You ask the most common question: Which personality type causes the most trouble on a team? If you ask this question to team members, they will each give you a different answer because each personality type finds another type to be most challenging. In truth, the personality types themselves don't cause the trouble. Misunderstandings and resistance to adapting to different types causes the trouble. That is why I teach "Quick Spot & Adapt". It is enlightening to all and easy to learn. Then all it takes is the desire to adapt to types and teams can deliver great CX. The bonus of all this is team members can spot customer types even in online live chats and adapt accordingly. Double win!!
In your workshop about leading morale, you address something undeniably essential for a smoothly operating business: leadership. In this description, I just love the line that says “morale is the very pulse of employee performance.” I couldn’t agree more. What are some red flags that your team’s morale is getting low? What can a leader do to boost it back up again, and keep it there, so the CX is not affected?
Red flags: People not talking to each other, lots of mistrust, not sharing information, covering their steps, low enthusiasm, doing the minimum effort, loads of complaining without offering solutions etc... As for what leaders can do: First and foremost lead morale every day so it doesn't sink. Be the model of open communication, respectful interactions, and accountability for your own actions and mistakes. Secondly, recognize and applaud individual talents, highlight how those talents contribute to business success, and show how the talents combine as a team. Lastly, engage their ideas, show them how to discuss and disagree without attacking each other, and above all address behavior issues. If you let bullying behavior (even the passive aggressive kind) go unchecked, morale will crumble as you hide from your leadership responsibilities. Morale is all about dignity and feeling equally important. If you let some disdain others, morale evaporates.
Seeing as the readers of this blog are running their businesses through online platforms, they’re looking to use progressive, innovative strategies such as yours in ways that are conducive to their needs. In terms of keeping up morale and a strong team feeling, what are your tips for online businesses to connect with their remote workers and keep everyone beating in the above mentioned “pulse” of employee performance?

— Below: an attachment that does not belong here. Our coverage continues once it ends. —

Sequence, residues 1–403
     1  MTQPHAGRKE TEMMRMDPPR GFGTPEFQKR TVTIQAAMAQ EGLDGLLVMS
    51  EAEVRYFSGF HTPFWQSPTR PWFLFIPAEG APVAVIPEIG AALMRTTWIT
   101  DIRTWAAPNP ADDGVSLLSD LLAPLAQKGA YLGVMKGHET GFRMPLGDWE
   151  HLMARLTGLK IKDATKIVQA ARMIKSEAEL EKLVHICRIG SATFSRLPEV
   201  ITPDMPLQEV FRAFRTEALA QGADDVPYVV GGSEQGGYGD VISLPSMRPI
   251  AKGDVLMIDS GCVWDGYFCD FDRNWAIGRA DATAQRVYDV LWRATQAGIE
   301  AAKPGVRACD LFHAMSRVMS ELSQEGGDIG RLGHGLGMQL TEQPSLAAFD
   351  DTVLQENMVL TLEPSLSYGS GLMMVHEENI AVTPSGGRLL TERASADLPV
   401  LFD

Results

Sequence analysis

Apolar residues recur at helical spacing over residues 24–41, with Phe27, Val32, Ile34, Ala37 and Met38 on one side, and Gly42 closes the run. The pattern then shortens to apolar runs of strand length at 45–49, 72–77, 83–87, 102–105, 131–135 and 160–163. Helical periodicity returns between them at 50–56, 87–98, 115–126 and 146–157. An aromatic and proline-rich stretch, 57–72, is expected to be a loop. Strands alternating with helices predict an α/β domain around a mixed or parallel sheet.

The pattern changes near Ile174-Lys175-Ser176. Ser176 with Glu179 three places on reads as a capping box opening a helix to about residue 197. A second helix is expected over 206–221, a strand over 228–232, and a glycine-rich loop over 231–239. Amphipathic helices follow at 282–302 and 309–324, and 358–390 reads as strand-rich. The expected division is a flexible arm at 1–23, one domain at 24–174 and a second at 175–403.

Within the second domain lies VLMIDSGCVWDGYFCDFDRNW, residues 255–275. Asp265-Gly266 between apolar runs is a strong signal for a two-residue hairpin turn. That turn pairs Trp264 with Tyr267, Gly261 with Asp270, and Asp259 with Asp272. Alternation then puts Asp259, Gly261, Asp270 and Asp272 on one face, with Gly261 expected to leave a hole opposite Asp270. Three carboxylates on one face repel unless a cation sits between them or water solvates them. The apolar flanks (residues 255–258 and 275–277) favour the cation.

I love this question! #1 Don't call them "remote" workers. All workers are virtual and work in different locations. To those working outside of the "main" office, they hear the word "remote" as "less important." #2 With all the technology today, it is quite easy to interact face-to-face and nobody has to feel "remote" or disconnected. #3 Have team building activities online with everyone preferably at the start of the week. Do ice breakers, inspirational thoughts to start the week, and perhaps end-of-week achievements. #4 Make sure communication and status flow every day. Feeling isolated and left in the dark ruins morale. People want to feel successful and that means great communication, teamwork, and problem solving.
What do you think are the biggest challenges in converting the real-world applications of CX into online ones, and do you believe this is where the future is headed?
It's clear that online CX is the real world today. Online CX has all the challenges of face-to-face PLUS the challenges of not seeing people's body language and emotion levels (until their angry.) The biggest online CX challenge is in anticipating all the expectations customers have, designing for them, and delivering on them. It takes significant coordination and collaboration with all the business teams to deliver on it. Every single aspect from the design of the app/website, the clarity of the details, the payment and refund process, handling errors, addressing exceptions, and improving the app/website take strategic, transactional, and technical skill. Lastly, online CX trouble can explode when it hits social media. So make sure you have a trouble team that knows how to respond really well to trouble and address negative social media with positive accountability and great integrity. Never demean, accuse, or blame a customer -- especially on social media!
Thank you for taking the time to chat with our blog readers today Kate. We really appreciate it! To our readers, if you’re interested in learning more about Kate and the work she does you can follow her on Twitter or head over to her website here.